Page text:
Supermarkets as my friend Katia has already pointed out on her blog, Scribbly Katia at http://katianovetsaintlot.blogspot.com/, are emotional minefields for the unwary expatriate. A friend once suggested that the title of my autobiography could be The Woman Who Cried in Supermarkets, and she had a very good point. When I first moved to Bangkok, the sight of Oreos reminded me of packing lunch boxes for my sons and I would mist over. When I returned to the states, the same thing happened when I saw Thai orchids at a checkout stand. I learned to carry sunglasses along with my shopping lists to hide any surprise attacks of tears.
Yesterday I went to a supermarket near my new neighborhood to find coffee--if not beans that could be ground on the spot (since I have yet to buy my own coffee grinder), at least instant coffee that had no sugar or powdered creamer in the mix and that wasn't made by Nestle. This seemed achievable because I had drunk many cups of what Georgetown calls "local coffee", a powdered coffee that comes black and strong in the cup, with flavor and a real caffeine kick.
No beans, no grinder, but bags upon bags heaped in middle of the aisle displays--finally I found one that said "No sugar." I hurled it into my cart and then felt suspicious for some unknown reason. I looked at the list of ingredients, which were mercifully in English. "Coffee," it announced, "sugar, margarine..." and there was something else that followed but at that point my brain froze. Butter tea I had heard of, and it did indeed make me queasy at the thought, but margarine in my coffee?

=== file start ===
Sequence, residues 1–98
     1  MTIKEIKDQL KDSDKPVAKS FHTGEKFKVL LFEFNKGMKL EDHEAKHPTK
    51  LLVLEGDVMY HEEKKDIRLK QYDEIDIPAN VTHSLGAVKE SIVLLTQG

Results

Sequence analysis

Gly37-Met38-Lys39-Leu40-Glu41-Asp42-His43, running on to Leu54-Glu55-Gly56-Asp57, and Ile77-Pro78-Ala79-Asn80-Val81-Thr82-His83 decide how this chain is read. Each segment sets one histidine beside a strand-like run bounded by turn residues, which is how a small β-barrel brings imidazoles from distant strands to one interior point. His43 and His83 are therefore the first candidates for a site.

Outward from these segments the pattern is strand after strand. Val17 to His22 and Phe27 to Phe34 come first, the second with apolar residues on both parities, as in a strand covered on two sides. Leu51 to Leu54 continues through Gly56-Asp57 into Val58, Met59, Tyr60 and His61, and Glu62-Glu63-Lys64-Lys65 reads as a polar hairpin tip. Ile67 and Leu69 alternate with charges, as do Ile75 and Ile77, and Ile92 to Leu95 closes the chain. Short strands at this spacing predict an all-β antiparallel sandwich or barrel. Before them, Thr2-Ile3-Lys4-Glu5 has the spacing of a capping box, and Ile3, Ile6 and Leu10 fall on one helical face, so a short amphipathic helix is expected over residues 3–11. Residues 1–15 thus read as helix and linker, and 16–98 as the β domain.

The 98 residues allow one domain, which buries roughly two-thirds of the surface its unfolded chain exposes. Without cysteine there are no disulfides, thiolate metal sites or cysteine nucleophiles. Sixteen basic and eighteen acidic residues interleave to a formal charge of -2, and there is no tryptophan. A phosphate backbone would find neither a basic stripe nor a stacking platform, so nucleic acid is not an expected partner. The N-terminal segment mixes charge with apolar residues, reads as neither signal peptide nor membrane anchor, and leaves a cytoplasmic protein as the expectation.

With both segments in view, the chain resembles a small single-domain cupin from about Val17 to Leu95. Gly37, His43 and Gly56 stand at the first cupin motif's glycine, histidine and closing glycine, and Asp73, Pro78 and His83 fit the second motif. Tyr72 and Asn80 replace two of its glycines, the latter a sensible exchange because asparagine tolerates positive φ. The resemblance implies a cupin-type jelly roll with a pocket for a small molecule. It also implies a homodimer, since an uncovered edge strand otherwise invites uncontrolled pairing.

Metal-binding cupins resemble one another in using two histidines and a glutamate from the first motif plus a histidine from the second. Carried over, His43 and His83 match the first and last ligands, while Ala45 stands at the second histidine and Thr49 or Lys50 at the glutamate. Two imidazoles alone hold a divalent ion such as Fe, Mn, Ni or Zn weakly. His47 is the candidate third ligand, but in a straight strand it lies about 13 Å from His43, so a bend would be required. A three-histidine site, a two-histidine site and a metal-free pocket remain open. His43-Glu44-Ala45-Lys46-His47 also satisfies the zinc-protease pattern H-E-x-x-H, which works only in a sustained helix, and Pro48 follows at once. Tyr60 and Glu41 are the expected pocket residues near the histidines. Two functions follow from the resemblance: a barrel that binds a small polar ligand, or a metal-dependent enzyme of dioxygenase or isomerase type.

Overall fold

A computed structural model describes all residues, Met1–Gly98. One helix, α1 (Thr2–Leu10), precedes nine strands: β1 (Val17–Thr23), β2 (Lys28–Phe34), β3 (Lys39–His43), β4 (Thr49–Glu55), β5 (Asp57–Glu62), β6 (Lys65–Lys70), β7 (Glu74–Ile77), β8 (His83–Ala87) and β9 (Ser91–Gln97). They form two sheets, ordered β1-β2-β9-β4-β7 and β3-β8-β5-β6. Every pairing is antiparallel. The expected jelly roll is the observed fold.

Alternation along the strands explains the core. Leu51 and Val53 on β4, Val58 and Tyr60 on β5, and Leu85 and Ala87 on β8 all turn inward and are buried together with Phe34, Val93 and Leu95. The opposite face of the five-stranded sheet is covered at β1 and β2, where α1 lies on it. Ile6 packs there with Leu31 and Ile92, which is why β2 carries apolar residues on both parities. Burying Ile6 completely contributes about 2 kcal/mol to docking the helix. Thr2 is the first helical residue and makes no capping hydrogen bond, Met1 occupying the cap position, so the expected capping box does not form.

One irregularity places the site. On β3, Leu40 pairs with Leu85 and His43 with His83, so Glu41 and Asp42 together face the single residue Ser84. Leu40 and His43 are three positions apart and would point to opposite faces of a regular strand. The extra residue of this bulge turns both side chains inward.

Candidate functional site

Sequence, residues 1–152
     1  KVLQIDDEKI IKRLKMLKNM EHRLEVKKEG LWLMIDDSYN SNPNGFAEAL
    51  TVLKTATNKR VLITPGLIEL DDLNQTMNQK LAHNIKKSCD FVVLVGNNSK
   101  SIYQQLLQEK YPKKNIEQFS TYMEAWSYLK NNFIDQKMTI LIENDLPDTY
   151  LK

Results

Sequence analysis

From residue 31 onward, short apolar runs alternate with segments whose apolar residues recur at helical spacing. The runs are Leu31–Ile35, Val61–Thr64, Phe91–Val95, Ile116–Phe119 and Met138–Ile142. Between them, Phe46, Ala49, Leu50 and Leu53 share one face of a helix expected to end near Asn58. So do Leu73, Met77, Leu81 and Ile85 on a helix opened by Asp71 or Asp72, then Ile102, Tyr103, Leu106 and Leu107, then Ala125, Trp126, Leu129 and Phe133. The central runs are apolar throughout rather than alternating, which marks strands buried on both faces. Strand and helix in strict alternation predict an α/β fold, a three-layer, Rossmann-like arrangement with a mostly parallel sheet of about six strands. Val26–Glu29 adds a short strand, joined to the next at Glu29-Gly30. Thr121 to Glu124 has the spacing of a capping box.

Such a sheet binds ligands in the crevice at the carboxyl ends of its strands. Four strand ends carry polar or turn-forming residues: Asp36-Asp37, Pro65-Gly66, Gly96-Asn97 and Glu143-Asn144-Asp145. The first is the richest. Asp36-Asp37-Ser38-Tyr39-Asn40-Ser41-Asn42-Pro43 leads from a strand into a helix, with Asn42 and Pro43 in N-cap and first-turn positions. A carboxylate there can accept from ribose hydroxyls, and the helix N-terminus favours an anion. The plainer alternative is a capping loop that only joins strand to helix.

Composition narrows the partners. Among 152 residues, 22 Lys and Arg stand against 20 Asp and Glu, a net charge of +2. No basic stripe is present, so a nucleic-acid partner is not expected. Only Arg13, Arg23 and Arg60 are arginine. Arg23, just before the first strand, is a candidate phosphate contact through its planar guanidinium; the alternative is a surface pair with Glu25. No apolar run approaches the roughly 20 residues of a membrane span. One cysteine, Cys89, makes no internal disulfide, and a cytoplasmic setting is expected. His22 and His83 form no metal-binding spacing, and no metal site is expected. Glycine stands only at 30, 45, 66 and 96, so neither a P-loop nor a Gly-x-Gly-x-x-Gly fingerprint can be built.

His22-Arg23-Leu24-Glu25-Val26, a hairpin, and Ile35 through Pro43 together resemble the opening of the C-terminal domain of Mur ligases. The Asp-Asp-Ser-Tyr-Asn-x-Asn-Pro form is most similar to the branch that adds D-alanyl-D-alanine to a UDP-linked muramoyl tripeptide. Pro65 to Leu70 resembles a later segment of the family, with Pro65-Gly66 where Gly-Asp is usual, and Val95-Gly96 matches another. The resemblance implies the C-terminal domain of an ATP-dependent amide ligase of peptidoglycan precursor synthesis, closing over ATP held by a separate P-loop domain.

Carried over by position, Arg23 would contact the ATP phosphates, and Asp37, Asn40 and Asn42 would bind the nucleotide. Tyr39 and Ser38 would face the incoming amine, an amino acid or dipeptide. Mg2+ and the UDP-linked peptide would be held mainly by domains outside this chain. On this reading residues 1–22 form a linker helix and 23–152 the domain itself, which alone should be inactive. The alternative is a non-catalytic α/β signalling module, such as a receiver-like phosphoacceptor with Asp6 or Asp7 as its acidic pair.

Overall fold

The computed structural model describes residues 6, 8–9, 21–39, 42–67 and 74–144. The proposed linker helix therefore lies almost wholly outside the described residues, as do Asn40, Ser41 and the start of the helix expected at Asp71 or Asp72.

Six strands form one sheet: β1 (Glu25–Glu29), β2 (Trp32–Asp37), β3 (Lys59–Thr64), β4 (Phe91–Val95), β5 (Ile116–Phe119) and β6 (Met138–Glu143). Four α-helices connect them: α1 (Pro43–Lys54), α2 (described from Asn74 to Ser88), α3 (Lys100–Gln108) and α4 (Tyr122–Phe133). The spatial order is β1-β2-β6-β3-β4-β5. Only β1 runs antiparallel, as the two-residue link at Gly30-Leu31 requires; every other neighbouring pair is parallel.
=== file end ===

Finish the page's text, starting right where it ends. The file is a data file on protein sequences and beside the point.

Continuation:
I gulped hard. My defenses fell. Suddenly I remembered the coffee bean corners at Tops and Villa supermarkets in Bangkok and I was prey to mist and a weird sort of longing for that particular aspect of the city I couldn't wait to leave.
I carried on. I found the aisle where there was powdered coffee in jars and some of it was coffee unaccompanied by any sweetener or milk impersonator. I chose a jar that said Indochine and prayed hard that it would be drinkable. Then I carefully avoided any aisle that might carry memory, finished my shopping, and faced the challenge of finding my way back to the escalators, always a test in a new shopping mall.
Georgetown is proud of its White Coffee--a mixture like 3-in-1 but more caffeinated. It's a city with coffee stalls and shops on every square inch of space and it is to its credit that Starbucks is only in a few places that cater to the expat community and upscale travelers. Far be it from me to denigrate local specialties but when I go back out today in search of coffee I can drink with pleasure, I hope I can accomplish this without tears.